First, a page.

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‘Look-Back’ May Lessen Healthcare Burden

July 11 2011

A proposed “look-back” period could help alleviate the burden for employers when calculating potential penalties scheduled to take effect in 2014 under healthcare reform for firms that don’t offer healthcare insurance or whose insurance doesn’t meet specified qualifications. The American Staffing Association and others had pushed for such a look-back provision as the government begins the process of writing regulations to implement the federal healthcare reform law.

Last month, the IRS concluded a public comment period on a proposed look-back period.

Ed Lenz, senior vice president, legal and public affairs, at the ASA said the look-back period could provide substantial relief for staffing firms. However, the period put forward by the IRS was just an initial idea for discussion. The next step is a notice of proposed rulemaking, which will probably come out in late fall and include a 60-day public comment period, he said. A final rule could be issued next year.

The IRS proposal calls for “look-back” periods of between three months and 12 months to be set by the employer. A staffing firm could set a look-back period, and at the end of that period calculate which employees worked at least 30 hours per week (the threshold for full-time status).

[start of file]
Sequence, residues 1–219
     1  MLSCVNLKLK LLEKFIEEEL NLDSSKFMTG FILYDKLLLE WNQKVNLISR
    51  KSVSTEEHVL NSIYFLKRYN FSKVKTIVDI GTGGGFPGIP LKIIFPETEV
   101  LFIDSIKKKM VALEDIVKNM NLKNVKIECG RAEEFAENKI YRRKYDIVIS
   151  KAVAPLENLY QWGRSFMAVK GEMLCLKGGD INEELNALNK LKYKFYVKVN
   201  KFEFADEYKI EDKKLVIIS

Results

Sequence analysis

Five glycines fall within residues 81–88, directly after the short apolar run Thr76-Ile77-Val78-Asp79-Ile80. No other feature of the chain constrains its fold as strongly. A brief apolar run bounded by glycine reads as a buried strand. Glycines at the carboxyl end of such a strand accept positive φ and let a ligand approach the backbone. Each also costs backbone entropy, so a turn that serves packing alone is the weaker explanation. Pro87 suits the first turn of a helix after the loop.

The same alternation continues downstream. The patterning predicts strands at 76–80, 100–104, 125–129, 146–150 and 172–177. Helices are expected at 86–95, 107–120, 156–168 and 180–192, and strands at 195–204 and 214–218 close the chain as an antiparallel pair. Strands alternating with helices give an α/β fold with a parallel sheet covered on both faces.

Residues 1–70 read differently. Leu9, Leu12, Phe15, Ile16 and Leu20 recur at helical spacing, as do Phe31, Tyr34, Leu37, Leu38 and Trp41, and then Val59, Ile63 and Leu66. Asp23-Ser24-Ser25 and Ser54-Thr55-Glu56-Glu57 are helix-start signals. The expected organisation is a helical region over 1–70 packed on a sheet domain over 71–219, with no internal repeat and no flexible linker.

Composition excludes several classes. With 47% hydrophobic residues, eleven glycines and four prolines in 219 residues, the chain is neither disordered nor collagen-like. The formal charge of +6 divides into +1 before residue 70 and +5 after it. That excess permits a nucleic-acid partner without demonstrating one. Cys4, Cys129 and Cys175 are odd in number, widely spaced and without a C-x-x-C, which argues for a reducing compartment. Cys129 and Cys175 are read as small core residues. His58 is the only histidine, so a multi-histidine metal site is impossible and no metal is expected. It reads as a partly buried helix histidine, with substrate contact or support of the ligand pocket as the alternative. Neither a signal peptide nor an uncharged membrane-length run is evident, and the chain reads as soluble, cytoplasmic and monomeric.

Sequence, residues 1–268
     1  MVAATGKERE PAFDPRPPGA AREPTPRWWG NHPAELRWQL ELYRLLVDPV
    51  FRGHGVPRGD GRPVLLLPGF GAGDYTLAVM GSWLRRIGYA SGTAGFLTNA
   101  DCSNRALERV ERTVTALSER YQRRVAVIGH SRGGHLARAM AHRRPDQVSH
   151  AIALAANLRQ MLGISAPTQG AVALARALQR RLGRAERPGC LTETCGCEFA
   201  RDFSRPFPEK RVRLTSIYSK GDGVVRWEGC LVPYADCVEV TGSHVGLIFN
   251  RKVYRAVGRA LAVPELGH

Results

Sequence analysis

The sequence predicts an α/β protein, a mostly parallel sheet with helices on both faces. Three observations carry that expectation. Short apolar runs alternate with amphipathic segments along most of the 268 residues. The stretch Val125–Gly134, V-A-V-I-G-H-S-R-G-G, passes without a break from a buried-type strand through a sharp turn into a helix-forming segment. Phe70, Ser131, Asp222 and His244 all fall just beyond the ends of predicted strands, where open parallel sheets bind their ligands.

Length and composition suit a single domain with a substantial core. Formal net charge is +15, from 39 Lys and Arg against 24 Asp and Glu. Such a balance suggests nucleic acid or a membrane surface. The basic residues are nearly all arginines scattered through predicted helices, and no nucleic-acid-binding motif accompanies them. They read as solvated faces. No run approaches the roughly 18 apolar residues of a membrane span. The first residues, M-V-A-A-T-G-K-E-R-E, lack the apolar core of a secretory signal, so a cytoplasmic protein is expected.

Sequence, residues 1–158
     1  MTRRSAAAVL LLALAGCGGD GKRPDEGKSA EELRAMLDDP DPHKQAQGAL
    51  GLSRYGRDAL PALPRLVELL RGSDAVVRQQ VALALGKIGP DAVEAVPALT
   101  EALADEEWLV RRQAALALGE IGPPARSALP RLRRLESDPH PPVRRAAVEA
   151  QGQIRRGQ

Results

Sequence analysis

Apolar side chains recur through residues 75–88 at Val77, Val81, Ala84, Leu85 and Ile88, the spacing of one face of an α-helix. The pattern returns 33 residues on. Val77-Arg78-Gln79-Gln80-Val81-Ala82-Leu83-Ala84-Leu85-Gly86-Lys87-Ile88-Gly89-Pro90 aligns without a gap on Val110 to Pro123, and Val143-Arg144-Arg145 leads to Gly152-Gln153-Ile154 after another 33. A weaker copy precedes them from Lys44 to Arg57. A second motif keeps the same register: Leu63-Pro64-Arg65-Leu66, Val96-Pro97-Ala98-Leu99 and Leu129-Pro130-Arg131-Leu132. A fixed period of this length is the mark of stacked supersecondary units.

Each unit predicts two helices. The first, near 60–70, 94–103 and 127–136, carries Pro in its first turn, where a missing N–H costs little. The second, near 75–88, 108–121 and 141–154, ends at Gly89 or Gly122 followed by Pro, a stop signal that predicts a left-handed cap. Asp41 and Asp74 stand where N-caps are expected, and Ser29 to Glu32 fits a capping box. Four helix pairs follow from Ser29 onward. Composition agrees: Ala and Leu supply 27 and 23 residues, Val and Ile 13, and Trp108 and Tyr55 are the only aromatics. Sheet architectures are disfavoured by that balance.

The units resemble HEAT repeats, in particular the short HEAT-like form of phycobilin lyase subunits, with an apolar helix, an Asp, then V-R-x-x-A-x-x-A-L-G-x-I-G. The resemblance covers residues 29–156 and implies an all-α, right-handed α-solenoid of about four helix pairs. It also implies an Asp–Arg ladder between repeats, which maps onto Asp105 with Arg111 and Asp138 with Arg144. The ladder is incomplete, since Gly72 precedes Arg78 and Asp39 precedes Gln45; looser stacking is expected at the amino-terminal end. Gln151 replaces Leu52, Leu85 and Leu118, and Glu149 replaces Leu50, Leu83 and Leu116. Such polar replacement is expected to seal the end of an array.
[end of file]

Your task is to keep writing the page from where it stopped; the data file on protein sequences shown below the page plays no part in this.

A “stability” period would follow the look-back period. Any worker found to be a full-time worker during the look-back period would automatically be considered a full-time worker during the stability period, even if his or her hours fell below the 30-hour per week threshold, as long as they remained employees. The stability period would run at least six months, but not longer than the look-back period.

An example of how this would work: If an employer chooses a 12-month look-back period, an employee would have to work full-time for the full 12-month period to be considered full-time, according to the ASA. The employee would then be considered full-time for the stability period regardless of hours worked. Still, an employer could avoid a penalty if it offered a qualified healthcare plan at the end of the look-back period. If there were no healthcare plan — or one that didn’t qualify — and an employee received a subsidy to buy insurance, the employer could then face penalties.

For a longer research report on this, please click here.

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